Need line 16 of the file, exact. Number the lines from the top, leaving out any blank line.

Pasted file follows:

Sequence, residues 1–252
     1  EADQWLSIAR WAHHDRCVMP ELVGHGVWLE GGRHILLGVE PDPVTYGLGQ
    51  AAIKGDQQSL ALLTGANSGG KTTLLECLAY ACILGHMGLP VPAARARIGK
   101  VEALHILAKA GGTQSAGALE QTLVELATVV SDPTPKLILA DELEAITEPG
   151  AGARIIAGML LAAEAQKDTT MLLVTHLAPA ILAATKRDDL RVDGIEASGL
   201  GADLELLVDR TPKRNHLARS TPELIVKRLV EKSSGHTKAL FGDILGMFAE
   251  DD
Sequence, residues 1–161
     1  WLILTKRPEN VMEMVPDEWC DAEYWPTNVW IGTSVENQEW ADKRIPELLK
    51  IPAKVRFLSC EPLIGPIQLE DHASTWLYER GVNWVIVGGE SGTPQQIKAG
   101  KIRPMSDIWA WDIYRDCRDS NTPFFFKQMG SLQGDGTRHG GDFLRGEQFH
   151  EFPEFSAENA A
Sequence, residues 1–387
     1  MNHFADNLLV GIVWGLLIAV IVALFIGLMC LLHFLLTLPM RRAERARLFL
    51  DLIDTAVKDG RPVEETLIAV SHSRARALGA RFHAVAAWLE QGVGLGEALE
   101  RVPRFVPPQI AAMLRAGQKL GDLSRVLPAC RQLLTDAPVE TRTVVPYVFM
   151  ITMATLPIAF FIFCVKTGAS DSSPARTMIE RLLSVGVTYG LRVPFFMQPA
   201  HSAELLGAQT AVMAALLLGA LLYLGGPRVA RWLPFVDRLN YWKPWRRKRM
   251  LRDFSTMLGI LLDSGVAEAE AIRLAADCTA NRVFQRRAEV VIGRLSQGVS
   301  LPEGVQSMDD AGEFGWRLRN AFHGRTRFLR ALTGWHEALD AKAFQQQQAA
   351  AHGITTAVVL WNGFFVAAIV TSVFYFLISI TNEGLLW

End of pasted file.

   101  RVPRFVPPQI AAMLRAGQKL GDLSRVLPAC RQLLTDAPVE TRTVVPYVFM